Pharmacological modulation of ion transport to treat the basic defect in cystic fibrosis and other genetic diseases
Cystic fibrosis (CF) is one of the most frequent genetic diseases, caused by mutations that impair the function of CFTR, a protein localized on the membrane of epithelial cells. The main role of CFTR is to mediate secretion of chloride and bicarbonate through the epithelia of different organs. This process controls the hydration and pH of the fluids covering epithelial surface. Loss of CFTR function has consequences in multiple organs including lungs, pancreas, liver, sweat glands, and the reproductive system. However, the lung disease is a major cause of morbidity and mortality in CF. The lack of CFTR impairs the innate natural defenses of the airways causing bacterial infection and mucus accumulation. In many patients, the progressive loss of respiratory function in the last stage of the disease results into lung transplant as a life-saving intervention.
The basic defect in CF can be targeted with pharmacological strategies. Depending on the type of mutations, CFTR activity can be restored with specific drugs called correctors and potentiators. Such molecules act with different mechanisms. Correctors improve the stability and folding of CFTR when it is affected by mutations like F508del, the most frequent among CF patients. Instead, potentiators act as stimulators of CFTR and are therefore particularly effective for mutations that compromise the process of CFTR activation.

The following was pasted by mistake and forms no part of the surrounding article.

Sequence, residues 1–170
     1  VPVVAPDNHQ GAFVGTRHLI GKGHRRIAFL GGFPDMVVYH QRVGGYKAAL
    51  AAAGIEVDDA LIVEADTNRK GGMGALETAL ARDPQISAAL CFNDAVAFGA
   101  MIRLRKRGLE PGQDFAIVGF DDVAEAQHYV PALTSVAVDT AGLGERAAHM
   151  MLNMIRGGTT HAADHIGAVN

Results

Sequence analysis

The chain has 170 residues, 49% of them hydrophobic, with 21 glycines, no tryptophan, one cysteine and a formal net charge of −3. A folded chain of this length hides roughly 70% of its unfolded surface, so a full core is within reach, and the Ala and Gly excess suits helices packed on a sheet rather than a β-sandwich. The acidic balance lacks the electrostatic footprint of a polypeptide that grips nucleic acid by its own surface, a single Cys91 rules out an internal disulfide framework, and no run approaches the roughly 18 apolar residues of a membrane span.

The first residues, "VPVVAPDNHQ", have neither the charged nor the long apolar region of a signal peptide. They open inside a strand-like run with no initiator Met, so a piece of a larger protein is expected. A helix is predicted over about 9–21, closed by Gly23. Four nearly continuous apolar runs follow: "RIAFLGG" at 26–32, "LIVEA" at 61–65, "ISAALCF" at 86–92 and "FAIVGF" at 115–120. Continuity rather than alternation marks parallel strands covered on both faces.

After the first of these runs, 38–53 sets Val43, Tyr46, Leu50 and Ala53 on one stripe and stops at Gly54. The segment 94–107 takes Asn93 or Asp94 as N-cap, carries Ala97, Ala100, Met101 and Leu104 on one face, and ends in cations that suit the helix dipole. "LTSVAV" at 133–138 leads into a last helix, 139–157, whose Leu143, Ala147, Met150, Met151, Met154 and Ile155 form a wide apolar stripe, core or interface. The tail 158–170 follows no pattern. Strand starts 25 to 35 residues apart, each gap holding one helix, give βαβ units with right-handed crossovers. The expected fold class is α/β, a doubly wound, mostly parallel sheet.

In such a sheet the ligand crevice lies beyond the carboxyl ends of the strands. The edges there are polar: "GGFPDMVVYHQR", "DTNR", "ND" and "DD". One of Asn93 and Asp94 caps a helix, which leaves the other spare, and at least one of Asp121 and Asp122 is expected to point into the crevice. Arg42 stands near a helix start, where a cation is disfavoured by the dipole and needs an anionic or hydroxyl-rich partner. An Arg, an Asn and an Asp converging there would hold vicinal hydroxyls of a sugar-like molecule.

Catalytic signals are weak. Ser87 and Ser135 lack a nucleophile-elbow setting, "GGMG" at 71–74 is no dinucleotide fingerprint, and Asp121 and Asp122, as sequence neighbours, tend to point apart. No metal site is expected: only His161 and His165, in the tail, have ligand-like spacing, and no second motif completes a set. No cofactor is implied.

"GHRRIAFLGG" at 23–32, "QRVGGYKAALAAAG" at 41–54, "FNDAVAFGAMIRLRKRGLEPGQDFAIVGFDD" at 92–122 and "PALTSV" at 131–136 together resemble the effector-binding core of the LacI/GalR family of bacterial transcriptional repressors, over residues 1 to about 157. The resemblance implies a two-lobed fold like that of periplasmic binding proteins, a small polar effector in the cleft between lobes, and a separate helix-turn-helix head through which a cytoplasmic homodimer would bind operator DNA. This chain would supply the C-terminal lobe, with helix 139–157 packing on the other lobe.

My research group has been particularly active in the search of effective correctors and potentiators to treat the basic defect in CF. In collaboration with Prof. Alan S. Verkman (University of California San Francisco) we developed high-throughput methods that were subsequently used to screen large chemical libraries. With this strategy, several active molecules were found. High-throughput screening also allowed identification of potent and selective CFTR inhibitors that are important as tools of research and possibly useful as drugs for other genetic diseases like polycystic kidney disease.
In collaboration with a research team led by Dr. Tiziano Bandiera at the Italian Institute of Technology (IIT), we are continuing our search for effective correctors and potentiators. The project is supported by the Italian Cystic Fibrosis Foundation. By screening thousands of molecules and chemical modification of the resulting hits, we have found so far correctors with very high potency and efficacy on bronchial epithelial cells from CF patients. The goal is to develop a promising preclinical drug candidate.
The basic defect in CF can be corrected by targeting other proteins. In 2008, my research group identified TMEM16A as a second type of protein that, in addition to CFTR, mediates chloride and bicarbonate secretion in epithelial cells. In theory, pharmacological stimulation of TMEM16A could circumvent defective CFTR, a strategy that could be important for those CF patients carrying mutation that are not sensitive to correctors and potentiators. We are now working on TMEM16A to confirm its importance as a therapeutic target in CF and to find pharmacological activators.
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